What is it that makes a suicide bomber tick?
In the Islamic religion, there are powerful prohibitions against conventional suicide. The pictures shows the destruction caused to St. Sebastian’s Church in Negombo as a result of a suicide bomb attack carried out by extremist terrorist rebels (AFP)
- It is evident that modern day suicide attacks have revealed an inconsistency in profiling ‘the attacker
- In the Islamic religion, there are powerful prohibitions against conventional suicide
Submerged in our current encounter with terrorism, devastation and anger provoke us to impulsively ascribe suicide bombing to the lunacy of the bombers themselves, or to something inherent in the ‘ideals’ of the bomber’s ethnic or religious group- which to those of us on the outside is blatantly brutal, inhumane and regressive.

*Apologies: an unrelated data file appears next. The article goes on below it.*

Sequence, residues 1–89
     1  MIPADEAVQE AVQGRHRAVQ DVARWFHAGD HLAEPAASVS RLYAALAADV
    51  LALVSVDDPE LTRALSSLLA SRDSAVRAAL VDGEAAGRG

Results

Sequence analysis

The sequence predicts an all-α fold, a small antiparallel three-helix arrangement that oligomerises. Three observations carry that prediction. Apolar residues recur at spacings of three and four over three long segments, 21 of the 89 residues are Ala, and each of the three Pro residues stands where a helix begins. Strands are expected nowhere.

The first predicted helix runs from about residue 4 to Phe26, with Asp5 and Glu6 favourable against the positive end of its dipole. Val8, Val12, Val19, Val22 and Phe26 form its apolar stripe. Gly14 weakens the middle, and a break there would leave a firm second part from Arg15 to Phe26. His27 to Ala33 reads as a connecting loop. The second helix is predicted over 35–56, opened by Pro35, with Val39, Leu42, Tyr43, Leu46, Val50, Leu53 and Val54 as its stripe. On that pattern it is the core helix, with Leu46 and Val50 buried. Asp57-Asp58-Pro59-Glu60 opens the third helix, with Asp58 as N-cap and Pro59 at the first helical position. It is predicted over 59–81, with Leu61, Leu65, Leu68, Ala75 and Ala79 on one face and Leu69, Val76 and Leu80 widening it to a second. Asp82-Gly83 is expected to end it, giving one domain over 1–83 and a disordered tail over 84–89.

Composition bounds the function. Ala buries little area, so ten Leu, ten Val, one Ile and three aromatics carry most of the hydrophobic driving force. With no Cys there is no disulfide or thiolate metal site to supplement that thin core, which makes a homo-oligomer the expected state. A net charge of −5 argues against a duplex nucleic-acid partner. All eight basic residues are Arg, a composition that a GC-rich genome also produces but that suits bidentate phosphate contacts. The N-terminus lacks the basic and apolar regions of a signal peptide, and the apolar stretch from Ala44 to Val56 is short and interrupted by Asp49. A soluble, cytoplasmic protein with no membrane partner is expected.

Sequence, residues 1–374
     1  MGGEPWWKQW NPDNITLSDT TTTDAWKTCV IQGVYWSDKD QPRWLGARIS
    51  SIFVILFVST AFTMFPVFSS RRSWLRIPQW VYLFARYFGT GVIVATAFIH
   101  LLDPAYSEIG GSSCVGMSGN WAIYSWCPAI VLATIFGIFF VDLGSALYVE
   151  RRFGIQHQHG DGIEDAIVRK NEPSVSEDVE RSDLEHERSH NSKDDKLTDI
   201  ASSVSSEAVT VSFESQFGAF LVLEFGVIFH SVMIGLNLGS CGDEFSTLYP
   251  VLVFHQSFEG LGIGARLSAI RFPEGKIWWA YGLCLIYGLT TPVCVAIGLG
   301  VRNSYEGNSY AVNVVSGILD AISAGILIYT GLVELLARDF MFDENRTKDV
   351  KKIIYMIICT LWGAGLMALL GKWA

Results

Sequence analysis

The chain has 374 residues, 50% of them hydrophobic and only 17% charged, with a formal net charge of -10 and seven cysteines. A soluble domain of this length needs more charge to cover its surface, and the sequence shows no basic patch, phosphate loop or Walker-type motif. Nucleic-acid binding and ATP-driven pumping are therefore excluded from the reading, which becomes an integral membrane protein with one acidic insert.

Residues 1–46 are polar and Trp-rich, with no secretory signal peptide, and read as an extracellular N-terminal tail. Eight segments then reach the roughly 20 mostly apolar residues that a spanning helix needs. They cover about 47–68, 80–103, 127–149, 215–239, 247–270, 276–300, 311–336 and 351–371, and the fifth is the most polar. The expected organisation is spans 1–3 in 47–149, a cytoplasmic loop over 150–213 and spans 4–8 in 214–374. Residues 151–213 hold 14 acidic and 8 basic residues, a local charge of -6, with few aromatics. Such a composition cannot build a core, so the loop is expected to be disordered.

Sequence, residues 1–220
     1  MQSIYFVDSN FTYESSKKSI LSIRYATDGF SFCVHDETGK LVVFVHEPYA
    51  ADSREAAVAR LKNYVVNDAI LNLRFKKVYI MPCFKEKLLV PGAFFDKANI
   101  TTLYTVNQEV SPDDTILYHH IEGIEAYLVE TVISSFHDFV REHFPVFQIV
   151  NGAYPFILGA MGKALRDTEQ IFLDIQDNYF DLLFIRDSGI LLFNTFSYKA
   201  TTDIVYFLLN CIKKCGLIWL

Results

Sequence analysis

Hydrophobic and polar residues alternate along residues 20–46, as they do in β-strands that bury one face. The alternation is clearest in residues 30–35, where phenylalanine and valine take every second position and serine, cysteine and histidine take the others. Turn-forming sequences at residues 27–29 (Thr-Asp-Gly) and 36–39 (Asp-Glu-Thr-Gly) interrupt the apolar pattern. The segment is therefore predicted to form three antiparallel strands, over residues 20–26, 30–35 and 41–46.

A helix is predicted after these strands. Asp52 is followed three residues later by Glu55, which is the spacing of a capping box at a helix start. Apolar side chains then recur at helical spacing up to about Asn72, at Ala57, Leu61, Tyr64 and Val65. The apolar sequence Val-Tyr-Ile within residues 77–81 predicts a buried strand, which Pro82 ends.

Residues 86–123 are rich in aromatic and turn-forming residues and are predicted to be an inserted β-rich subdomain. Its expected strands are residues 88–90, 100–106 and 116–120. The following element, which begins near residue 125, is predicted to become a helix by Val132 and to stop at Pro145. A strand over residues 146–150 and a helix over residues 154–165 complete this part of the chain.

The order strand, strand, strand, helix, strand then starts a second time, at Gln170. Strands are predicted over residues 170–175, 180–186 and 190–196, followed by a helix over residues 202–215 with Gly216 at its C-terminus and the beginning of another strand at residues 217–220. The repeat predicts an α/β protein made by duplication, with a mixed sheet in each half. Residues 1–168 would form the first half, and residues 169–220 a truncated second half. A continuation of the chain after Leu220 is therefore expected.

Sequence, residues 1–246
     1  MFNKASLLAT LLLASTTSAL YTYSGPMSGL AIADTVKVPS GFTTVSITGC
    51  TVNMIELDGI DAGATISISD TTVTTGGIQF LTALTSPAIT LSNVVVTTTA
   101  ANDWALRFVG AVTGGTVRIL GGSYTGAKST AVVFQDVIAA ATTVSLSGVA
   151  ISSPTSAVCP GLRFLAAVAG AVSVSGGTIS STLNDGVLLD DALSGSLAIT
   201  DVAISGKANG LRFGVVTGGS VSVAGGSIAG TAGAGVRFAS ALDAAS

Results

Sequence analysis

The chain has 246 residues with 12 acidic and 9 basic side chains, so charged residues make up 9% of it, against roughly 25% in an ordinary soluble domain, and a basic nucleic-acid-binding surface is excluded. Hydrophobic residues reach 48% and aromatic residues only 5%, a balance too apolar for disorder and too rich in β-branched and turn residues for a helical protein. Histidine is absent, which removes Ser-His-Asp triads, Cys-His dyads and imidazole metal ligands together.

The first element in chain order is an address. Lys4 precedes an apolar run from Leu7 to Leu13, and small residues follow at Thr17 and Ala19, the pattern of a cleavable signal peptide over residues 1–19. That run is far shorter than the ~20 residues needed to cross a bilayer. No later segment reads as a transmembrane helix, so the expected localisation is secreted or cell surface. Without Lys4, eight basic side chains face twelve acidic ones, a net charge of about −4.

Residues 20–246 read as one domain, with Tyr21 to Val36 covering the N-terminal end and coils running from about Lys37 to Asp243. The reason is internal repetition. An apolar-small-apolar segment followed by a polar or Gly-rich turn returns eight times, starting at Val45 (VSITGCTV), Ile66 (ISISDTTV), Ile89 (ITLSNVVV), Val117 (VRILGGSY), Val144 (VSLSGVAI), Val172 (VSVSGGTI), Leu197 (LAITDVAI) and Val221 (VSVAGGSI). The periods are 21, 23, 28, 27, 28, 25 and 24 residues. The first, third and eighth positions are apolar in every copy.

The world however, having witnessed her fair share of suicide attacks, has challenged this perception in multiple senses. Following the 9/11 attack for example, US terrorism experts made a bold and counter-intuitive claim that suicide terrorists were psychologically normal. Some others argue that they are in fact suicidal and far from psychological normalcy.
It is evident that modern day suicide attacks have revealed an inconsistency in profiling ‘the attacker’. The wide cross-section of attackers have included both men and women, educated and uneducated, wealthy and poor, young and old. Moreover, it is unrealistic to bunch them all as one particular ‘suicidal type’.
Senior Lecturer, Department of Psychiatry, Faculty of Medicine, University of Colombo Dr. Mahesh Rajasuriya MD (Psychiatry) weighed in to discuss the topic at length.
“We are somewhat familiar with Tamil LTTE suicide cadres. They have been selected carefully, nurtured over a long period of time ( ‘brain washed’ as people say ) and have a clear cause, which they are ready to give their life for. Most of these attackers are direct or indirect victims of marginalisation or some other form of atrocity. These attackers had very clear targets, such as to assassinate a politician.